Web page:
Pull file. Normalize. Add silence. Fade out by 29.7 seconds. Save. Repeat.
During my first four months as content operations manager at High Plains Public Radio, I spent several hours every week downloading and editing show promos as efficiently and consistently as possible. This ultimately meant that I was spending an inordinate amount of time hitting the same five buttons on my keyboard over and over and over again. Thankfully, this repetitive task didn’t take much brainpower to execute, so it gave me time to think. And I kept coming back to one thought: There HAS to be a better way of doing this.
I figured that a skilled programmer could likely whip together some code to edit audio faster, but a skilled programmer I am not. Though I took some basic programming classes in high school, nothing stuck. That being said, I had three things going for me: a mentor from my college internship who regularly used code to rename files; free access to the emerging AI interface, ChatGPT; and a supportive boss who both welcomed innovation and made sure I had the time in my workday to experiment.
Our station’s programming department edits audio on one of two programs. The first is Adobe Audition. The other is dBPoweramp, a program that we use either to convert audio from one format to another or to rip CDs for airplay.
When I started, dBPoweramp was just used for converting files for our ENCO DAD automation system. I quickly realized, though, that it had a shockingly powerful feature that we weren’t using. When you select a file to convert, you have the option to add other effects like “generate silence,” “remove silence,” “normalize,” “fade out” and “set minimum/maximum length.” These tools, coupled with a bit of additional fiddling, made it so I was suddenly able to cut a significant amount of editing time from my routine (even though I still had to edit one file at a time).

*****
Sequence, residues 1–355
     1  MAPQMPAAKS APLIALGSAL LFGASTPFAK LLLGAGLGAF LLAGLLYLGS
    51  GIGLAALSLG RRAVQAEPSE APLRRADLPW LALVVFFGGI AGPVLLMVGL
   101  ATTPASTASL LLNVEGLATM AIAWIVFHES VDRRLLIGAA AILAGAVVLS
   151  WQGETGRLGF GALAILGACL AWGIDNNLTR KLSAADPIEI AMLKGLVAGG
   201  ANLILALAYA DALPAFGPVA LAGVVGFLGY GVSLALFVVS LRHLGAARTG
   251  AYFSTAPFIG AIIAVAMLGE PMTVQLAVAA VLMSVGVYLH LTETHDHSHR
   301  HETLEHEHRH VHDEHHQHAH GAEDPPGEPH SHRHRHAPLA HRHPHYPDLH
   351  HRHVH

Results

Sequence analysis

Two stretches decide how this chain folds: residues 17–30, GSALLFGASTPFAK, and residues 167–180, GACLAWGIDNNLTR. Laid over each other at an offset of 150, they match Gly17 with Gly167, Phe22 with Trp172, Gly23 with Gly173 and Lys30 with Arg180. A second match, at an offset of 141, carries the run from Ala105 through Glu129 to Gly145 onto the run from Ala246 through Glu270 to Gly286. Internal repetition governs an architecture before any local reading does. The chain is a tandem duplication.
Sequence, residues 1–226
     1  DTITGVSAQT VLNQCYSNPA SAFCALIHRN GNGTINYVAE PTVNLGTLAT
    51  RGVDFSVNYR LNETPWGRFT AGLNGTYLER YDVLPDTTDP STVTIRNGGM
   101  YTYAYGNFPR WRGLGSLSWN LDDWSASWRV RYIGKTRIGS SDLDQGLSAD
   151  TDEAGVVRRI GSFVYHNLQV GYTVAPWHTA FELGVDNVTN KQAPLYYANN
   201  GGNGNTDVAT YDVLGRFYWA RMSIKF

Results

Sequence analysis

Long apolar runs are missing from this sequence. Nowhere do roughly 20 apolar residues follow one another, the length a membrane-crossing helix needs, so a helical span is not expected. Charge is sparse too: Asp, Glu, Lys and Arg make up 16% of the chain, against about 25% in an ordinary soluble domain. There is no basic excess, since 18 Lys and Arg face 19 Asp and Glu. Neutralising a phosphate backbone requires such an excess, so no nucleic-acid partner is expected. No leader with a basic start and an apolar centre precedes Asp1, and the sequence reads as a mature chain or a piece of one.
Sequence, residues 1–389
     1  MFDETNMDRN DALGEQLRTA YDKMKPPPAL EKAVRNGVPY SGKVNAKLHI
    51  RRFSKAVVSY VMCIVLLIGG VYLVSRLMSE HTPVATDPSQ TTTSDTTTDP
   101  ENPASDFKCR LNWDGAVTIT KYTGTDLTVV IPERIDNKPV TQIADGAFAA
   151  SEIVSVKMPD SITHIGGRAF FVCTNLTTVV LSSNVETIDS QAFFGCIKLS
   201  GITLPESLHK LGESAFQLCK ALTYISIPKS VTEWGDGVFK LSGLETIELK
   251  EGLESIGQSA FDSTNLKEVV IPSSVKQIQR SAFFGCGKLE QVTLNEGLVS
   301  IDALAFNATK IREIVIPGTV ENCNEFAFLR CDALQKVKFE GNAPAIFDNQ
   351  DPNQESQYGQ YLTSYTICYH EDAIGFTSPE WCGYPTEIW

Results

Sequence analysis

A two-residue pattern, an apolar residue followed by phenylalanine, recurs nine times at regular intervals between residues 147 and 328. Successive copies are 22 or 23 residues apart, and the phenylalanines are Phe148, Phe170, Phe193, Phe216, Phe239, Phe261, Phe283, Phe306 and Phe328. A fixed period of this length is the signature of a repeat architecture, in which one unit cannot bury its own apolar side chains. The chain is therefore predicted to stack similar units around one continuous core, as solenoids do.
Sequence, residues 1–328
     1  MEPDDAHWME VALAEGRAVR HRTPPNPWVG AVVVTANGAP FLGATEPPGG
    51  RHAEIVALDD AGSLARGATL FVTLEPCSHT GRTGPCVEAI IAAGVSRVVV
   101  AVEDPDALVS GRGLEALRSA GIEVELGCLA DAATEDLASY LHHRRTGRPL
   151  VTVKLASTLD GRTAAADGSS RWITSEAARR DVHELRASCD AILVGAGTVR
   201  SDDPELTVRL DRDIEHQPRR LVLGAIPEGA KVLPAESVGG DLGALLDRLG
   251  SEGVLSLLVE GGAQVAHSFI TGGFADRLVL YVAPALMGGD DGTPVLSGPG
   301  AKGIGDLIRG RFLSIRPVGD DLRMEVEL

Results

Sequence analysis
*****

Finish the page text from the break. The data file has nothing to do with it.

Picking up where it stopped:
This led me to start digging around on the dBPoweramp website to see what other tools the program had — and I struck gold. It turns out that dBPoweramp can be run with command-line prompts using a version of their program called “CoreConverter.” For those of you who aren’t familiar with computers from around the 1980s, when computers were first becoming mainstream, you didn’t control them by clicking icons with a mouse. You had to type in commands to tell the computer what to do. The fact that dBPoweramp can be interfaced through command-line prompts takes a majority of the work out of making a program to edit audio — especially when compared to designing a program from the ground up, or running some auto-clicker program that tries to click buttons in Audition on my behalf.
But as I’ve said, I was no coder, although I did have some exposure to programming in the past. As a college intern at Delmarva Public Radio in Maryland, I worked with Chris Ranck, their director of production and operations at the time. I remembered that he used batch files to quickly rename items so they would ingest properly to work with their ENCO system. I realized that if I could combine batch code and CoreConverter with its audio editing features, the entire process could be automated.
“Write me code in batch that reads file names from a text document and uses dBPoweramp’s CoreConverter to edit each file.” This was the prompt that served as my launch point. I’d be lying if I said it didn’t take a lot of thinking and countless trial-and-error sessions. But after the necessary adjustments, it worked.
As you might have guessed, the AI code wasn’t perfect, but it was good enough to get me started. When the code didn’t work, I just broke it down step by step, locating the element that wasn’t functioning and recasting the prompt or just searching the web for a solution. Once one function of the code worked, I went on to the next feature I wanted it to have, slowly adding until I was happy.